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Malvinas families divided over identifying remains at the Falklands’ Argentine cemetery

Wednesday, April 25th 2012 - 23:37 UTC
Full article 65 comments
Cesar Trejo: we must respect the wishes of all families Cesar Trejo: we must respect the wishes of all families
The Argentine memorial in Darwin has 123 graves “Argentine soldier, only known to God” The Argentine memorial in Darwin has 123 graves “Argentine soldier, only known to God”

The Malvinas families’ commission regrets they have not been consulted on the Argentine government’s request for international help to identify the remains of the ‘unknown soldiers’ buried at the Argentine cemetery in the Falkland Islands.

“The Commission expressed its surprise, even astonishment and pain for not having been consulted on the issue”, said Malvinas war veteran Cesar Trejo and proxy of the Relatives of the fallen in Malvinas and South Atlantic Islands Commission. The Commission represents 550 families of the 649 combatants killed in the 1982 conflict with the UK.

On 2 April, the 30th anniversary of the Falklands’ conflict the Argentine president Cristina Fernandez announced she had formally requested to the International Red Cross Committee, (IRCC), to intercede before the UK to allow forensic anthropologists identify the remains at the Argentine memorial.

Under Argentine law 26.498/2009, the President is the only referent and custodian of the Darwin cemetery and the remains, but the Families Commission is responsible for the upkeep and maintenance of the premises.

However some of the Malvinas families do not support the presidential initiative arguing they are against the compulsory forensic procedure and would prefer things to remain as they are.

“The right to identity is not infringed at the Darwin cemetery” and “this is not a situation that can be homologated to the disappeared in Argentina”, said some of the families, members of the Commission.

Therefore together with the letter addressed by President Cristina Fernandez the Malvinas Families’ commission also sent a letter to the IRCC requesting that the identification of the 123 plaques that read “Argentine soldier, only known to God” does not advance until all the families are consulted on the issue.

“There are families that wish to see the grave of their loved one identified, which is legitimate, but there are also families that express the opposite since they have gone through the mourning process, which is also legitimate”, said Trejo.

“We must respect all the wishes and spiritual needs of all families that have their sons buried at the Darwin cemetery”, said Trejo adding that since all the remains would have to be exposed to DNA testing, “unanimity seems insurmountable”.

“It is a very delicate, and divisive, situation, since by implementing the rights of one of the families we could be violating the rights of another”.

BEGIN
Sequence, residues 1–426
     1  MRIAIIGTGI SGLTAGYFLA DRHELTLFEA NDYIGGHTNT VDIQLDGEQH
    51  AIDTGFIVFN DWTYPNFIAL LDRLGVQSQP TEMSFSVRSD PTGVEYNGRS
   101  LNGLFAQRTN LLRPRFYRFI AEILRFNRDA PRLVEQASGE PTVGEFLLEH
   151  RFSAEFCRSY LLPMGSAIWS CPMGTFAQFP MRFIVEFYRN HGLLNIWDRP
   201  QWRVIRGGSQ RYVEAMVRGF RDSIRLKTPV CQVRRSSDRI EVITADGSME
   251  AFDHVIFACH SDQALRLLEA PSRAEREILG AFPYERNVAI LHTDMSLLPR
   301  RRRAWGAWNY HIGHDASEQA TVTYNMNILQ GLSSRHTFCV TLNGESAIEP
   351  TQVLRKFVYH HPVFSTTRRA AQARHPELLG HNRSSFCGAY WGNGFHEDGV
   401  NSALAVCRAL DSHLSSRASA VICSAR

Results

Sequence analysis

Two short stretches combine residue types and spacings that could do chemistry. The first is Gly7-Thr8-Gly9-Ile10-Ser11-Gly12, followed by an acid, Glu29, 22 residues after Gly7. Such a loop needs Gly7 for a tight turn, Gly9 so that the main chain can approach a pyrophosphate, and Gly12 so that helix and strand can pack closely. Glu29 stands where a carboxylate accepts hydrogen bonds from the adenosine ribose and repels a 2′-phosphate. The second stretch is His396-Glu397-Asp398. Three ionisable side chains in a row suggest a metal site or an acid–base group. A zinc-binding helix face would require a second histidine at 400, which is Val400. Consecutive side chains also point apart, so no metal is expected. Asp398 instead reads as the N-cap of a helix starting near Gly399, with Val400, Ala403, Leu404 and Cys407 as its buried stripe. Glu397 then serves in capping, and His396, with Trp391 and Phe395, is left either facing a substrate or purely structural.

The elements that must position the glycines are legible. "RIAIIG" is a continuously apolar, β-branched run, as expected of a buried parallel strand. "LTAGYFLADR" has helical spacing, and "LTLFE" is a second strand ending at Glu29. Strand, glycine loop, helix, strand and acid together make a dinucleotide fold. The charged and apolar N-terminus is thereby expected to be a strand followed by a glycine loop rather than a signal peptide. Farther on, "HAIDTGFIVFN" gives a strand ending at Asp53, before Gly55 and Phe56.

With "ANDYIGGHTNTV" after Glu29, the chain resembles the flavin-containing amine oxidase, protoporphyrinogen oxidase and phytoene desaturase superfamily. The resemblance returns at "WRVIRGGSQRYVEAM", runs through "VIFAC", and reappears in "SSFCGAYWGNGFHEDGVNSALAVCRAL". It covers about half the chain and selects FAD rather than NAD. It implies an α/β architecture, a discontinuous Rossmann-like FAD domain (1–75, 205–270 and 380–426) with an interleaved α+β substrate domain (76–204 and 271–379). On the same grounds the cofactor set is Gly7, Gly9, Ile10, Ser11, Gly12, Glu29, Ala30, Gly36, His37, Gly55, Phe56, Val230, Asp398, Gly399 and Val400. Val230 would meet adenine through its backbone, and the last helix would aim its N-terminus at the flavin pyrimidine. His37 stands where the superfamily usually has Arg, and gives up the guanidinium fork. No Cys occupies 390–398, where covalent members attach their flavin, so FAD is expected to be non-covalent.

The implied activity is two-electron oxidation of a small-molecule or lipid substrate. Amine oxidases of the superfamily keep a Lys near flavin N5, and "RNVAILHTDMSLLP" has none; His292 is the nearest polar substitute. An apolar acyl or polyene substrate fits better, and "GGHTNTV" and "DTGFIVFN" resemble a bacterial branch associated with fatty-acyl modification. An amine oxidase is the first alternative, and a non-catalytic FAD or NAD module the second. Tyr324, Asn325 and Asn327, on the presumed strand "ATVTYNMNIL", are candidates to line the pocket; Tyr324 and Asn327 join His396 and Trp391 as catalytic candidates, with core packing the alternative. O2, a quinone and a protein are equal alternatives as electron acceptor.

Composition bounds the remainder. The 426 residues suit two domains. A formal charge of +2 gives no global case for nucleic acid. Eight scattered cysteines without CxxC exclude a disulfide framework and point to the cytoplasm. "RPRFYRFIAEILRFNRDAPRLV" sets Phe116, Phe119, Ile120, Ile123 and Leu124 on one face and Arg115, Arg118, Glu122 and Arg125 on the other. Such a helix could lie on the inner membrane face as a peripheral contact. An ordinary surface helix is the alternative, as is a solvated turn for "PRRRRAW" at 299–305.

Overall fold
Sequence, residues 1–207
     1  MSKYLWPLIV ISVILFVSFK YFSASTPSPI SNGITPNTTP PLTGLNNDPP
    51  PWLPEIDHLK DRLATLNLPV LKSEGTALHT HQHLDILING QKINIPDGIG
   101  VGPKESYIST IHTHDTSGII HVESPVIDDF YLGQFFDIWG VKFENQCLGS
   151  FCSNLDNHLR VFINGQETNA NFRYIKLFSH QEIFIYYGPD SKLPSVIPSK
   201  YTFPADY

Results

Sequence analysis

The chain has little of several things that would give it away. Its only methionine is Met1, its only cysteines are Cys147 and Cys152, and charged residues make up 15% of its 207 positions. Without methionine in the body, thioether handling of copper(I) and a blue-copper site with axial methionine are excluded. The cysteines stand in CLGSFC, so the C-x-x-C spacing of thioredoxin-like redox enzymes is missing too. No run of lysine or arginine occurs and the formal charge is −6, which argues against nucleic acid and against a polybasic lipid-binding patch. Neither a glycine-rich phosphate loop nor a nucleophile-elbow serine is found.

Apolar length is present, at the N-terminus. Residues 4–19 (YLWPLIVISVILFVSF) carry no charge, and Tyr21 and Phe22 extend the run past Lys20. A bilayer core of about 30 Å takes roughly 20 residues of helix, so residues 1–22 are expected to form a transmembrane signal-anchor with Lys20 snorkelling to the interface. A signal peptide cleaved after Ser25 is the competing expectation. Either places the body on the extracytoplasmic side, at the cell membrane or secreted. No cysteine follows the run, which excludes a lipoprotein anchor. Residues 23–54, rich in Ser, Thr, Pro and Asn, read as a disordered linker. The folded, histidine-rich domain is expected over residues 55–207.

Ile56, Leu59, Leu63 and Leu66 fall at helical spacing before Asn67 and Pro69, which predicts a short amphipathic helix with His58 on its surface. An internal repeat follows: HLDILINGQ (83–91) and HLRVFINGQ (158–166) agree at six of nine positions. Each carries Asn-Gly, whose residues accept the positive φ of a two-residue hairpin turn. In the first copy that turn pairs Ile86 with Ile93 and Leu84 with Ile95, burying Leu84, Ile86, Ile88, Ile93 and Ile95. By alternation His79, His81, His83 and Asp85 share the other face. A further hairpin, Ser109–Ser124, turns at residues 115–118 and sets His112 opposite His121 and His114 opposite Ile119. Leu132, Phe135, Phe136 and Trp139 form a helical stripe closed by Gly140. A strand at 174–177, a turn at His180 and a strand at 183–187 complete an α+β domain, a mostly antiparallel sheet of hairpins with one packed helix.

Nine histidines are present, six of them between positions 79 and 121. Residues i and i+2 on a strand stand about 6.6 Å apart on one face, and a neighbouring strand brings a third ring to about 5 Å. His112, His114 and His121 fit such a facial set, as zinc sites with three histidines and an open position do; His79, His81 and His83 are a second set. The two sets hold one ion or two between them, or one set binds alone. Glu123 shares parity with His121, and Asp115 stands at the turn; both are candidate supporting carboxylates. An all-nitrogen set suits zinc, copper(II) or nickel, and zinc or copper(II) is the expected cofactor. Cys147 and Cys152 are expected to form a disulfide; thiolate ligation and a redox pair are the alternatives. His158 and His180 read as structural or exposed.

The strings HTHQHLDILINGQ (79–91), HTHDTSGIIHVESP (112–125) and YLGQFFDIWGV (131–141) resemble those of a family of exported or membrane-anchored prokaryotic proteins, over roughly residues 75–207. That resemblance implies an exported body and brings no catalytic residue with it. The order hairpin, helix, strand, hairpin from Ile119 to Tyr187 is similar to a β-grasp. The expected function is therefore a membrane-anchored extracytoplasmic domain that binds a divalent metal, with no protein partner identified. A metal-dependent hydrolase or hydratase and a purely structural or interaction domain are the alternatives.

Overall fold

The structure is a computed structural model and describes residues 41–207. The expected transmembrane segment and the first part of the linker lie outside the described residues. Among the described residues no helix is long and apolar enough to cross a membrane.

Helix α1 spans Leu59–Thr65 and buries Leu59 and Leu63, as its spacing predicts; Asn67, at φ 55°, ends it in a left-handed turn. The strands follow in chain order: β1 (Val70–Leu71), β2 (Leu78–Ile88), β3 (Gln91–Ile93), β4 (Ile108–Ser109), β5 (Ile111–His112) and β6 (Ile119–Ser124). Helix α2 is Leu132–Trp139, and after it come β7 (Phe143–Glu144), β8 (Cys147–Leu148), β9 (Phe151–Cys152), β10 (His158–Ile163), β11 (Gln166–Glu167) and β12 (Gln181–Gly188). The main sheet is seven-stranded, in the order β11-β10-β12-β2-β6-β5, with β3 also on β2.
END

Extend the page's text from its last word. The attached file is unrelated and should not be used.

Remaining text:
Likewise Trejo said that there are two fears among the Families Commission members: one is that if the forensic tests go ahead, they could re-ignite a latent position among the Islanders which is to ship the remains back to Argentina. Secondly that the field work becomes an Argentine media attraction and to express it brutally “could turn into a festival of bones”.

In the first case, the Families Commission has specifically requested the IRCC that the remains cannot be removed from the Darwin cemetery and guarantees from the Argentine and British governments that there will be no release of the forensic activities be it pictures, images or whatever, insisted Trejo.

Last April 10 the spokesperson for the IRCC, Steve Anderson said that the Commission was prepared to intercede and mediate “as long as it is requested by all the families and sides involved”
“Identifying the remains of the fallen without the consent of their families would mean reopening deep wounds and putting back the clock to very painful times”, said Anderson.
 

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  • reality check

    I agree with Mr Trejos stance on this subject. I find it repugnant that they have a law giving custody of their dead to the office of the president

    Apr 26th, 2012 - 12:10 am 0
  • Islander1

    The proof- if it was ever needed- that CFK wants to play politics with the dead and treats the family relatives with the same gutter attitude she has towards us Islanders

    Apr 26th, 2012 - 12:27 am 0
  • reality check

    I can not believe it, these soldiers had no freedom when they were alive and now they have no freedom in death. Do not get me wrong, my sympathies are not for them because they were killed in action fighting against our troops. They should not have been there in the first place. My sympathies are purely humane. Words can not describe the contempt I feel for Argentinian Government, for that matter, what sort of a people would live under a system that legislates to control your dead.

    Apr 26th, 2012 - 07:23 am 0
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